“Forgiveness” is a photo of my Dads farm, where he grew up, alongside a recent interview with him about his feelings about what happened to him after the second world war.. “Prayer to the devil” is actually a letter I wrote to the Pope, but the reference to the devil is in the letter itself. I do worry that my letter might make me look a bit foolish, but it is actually how I feel and what I did. I received a kind reply but it doesn’t actually answer my questions, it suggests I go to a local priest. I have further questions now, what penance would be given to those who executed unarmed defenceless Catholics in revenge for war? Or those who fought the war with the germans? Did Tito, an atheist actually ask for forgiveness and who from? What sort of people go to heaven? Surely it can’t be possible to send a good man like my dad to hell, even if he can’t forgive those who tortured him and executed his friends.
These two latest photos are using much more text. I find the subject so complex that I can’t find any other way to do them. It has made me think quite deeply about why text with a photo might be different from using a video with sound and visuals. also which might be better and why. I am also editing the video interview but I haven’t finished that yet. I haven’t reached any conclusions as to which is better, but I have understood some of the differences. Obviously watching a video enables one to see and hear the emotion in the voice and person, this is absent from just text with a photo. However, if one reads text then the words are being internalised and the reader is saying them as though saying it themselves. I’m not sure which one would bring about greater empathy as I know that when I read text, I read it to myself in a monotone voice. I am also too close to the subject to be objective in my analysis. This is something I need to experiment with.
The first of my photos about my father’s story. This is an experiment and may not be the finished photo, but it’s a start at trying to show what happened. I was lucky to get hold of some of Dad’s diaries, written when he was sixteen and with a death sentence on the whole family. I translated these words myself with the help of Google, Pons.si and my Slovenian lessons. It’s a good thing we’ve started to learn the past tense, I can finally make more sense of the words.
My main difficulty in trying to do work about Dad is that I can’t imagine I will ever be able to convey how awful the experiences he had were. It doesn’t help that Dad won’t tell me everything and he absolutely refuses to talk about his brother who died.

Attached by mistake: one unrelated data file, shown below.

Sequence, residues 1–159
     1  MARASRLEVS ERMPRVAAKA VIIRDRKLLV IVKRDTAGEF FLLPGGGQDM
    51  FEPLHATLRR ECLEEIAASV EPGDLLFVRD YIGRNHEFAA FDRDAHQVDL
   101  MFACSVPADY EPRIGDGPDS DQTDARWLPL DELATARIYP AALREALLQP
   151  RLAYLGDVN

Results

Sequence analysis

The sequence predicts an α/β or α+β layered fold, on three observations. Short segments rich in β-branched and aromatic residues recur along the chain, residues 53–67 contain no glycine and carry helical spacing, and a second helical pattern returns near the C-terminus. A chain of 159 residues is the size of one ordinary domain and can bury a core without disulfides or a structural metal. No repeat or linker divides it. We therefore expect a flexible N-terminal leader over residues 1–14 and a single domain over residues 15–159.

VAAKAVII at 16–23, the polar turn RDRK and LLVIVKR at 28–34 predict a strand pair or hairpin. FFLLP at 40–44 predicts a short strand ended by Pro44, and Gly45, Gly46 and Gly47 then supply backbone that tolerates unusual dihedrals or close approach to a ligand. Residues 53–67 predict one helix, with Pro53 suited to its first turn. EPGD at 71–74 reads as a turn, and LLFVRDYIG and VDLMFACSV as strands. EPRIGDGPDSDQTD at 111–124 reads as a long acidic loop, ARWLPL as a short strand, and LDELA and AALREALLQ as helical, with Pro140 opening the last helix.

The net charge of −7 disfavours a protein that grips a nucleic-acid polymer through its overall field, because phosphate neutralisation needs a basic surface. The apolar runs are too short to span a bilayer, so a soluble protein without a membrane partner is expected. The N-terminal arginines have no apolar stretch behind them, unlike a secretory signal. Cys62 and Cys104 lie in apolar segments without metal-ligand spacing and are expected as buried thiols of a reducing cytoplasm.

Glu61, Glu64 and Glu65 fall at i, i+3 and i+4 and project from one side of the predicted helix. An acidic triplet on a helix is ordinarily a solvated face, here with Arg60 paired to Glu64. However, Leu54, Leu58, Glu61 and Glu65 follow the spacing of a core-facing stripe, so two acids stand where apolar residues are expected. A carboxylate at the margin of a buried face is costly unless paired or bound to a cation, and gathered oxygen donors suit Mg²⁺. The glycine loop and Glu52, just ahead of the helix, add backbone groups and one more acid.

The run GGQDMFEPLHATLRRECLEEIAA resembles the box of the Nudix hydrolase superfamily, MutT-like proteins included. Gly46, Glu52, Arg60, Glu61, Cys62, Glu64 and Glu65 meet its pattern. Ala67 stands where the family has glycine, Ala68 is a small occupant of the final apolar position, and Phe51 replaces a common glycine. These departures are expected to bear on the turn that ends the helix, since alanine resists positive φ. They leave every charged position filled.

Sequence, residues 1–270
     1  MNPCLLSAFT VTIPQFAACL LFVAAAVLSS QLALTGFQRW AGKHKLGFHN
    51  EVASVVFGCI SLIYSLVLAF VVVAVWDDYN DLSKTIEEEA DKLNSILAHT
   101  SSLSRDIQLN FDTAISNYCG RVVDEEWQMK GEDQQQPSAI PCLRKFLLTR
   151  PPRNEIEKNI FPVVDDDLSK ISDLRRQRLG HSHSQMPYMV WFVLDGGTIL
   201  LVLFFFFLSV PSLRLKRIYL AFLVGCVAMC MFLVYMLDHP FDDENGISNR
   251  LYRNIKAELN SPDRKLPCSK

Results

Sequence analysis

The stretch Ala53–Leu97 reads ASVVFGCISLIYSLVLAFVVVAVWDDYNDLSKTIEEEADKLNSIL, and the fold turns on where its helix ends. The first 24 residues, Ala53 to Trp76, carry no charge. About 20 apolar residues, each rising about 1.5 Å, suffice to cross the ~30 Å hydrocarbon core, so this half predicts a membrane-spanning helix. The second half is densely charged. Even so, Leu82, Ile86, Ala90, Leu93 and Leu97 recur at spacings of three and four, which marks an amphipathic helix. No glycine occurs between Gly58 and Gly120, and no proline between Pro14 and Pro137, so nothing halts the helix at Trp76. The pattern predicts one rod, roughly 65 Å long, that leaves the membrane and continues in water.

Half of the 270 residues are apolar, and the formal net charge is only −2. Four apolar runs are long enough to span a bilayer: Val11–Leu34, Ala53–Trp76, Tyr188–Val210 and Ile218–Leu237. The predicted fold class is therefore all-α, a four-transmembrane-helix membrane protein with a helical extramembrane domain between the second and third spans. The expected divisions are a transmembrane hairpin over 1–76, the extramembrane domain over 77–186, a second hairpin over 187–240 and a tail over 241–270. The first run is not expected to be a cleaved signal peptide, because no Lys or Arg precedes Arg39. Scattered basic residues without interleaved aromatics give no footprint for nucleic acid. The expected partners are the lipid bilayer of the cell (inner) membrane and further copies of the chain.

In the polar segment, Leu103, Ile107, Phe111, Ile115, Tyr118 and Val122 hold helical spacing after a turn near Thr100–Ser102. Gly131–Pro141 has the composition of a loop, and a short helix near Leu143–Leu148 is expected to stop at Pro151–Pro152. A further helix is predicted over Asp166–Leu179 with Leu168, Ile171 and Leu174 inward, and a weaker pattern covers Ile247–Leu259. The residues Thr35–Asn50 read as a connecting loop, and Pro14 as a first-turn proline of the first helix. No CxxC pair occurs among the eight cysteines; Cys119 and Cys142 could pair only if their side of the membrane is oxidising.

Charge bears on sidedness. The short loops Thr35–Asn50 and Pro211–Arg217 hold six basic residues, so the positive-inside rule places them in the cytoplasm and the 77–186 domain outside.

I decided to place Dad and his words in the farmhouse where he was born and lived before he became a refugee. His diary was written in this house and some of the descriptions are about what happened there. The house has been empty for many years and is now in need of extensive repair. A house in Jungian dream therapy is a representation of the person dreaming about it. It is fitting for the photos about my Dad that it is not whole anymore. It is largely unchanged since the days my Dad lived there, as his brother in law, who was also a surviving Home Guard, refused to change with the times. He said if it was good enough for the last generation, its good enough for him. This means the photos of the house are fairly true to how it would have been 70 years ago, although there are some things like plastic bags and other things that show it is taken now. I can remember visiting and using the outside toilet, tin bath and aga-type stove, they still used the bread oven too. I used to love it there.
The words on the photo are
Then one of the two in the house said “Go ahead and shoot the devil” He held a gun to my head for a long time.
Tedaj je eden tistih dveh rekel v hiši:« Kar ustreli ga hudiča«. Dolgo časa mi je grozil s pištolo.
Looking at the video, I can’t help wonder if I’m being cruel to show the files to him. Although he did want to see them. Hopefully, it will be better next week when we go over his diaries.
I went out to Slovenia in July, earlier than the others coming out to join me for our walk over the mountains. The aim was to do more research. I had some lucky breaks, my cousin found Dad’s diaries written when he was 16 and fighting the Communists, just after he had buried his brother. I’m waiting for them to be translated. It’s very exciting. Then I went into a local photography studio to ask where I might be able to get old photos from that time. The man in the shop was very helpful and pointed me in the direction of the Institute of Contemporary History. It’s there that I met one of the University professors, Dr. Matevž Košir. He has access to all kinds of documents. He told me there were 30 pages of state police files about my father, including his sentence to death. Also files about his brother and one sister. My Dad was surprised it wasn’t more of the family. I’m going back in the Autumn to look at those. The professor gave me a list of all the 405 young men under 18 who were at the Teharje camp, which I showed my father. My father’s name is on the list. My Dad seemed to think that these were just the lists of those they tried, that in fact there were more like 1,000 boys under 18. This was later confirmed by the professor. The name of one friend he talked with a lot wasn’t on the list. My Dad said many of those not named were killed immediately on arrival.
The professor has also said it may still be possible to make a claim for the farmland that was taken away from my family. He says there will be two obstacles, one is proving they owned it and it was taken away, the other is if they are still compensating people for this. He knows ways of trying to get proof, so you never know. The land is now the site of their World Trade Centre, a bank and several blocks of flats. The photo above is of the land in Ljubljana that we will be trying to claim back.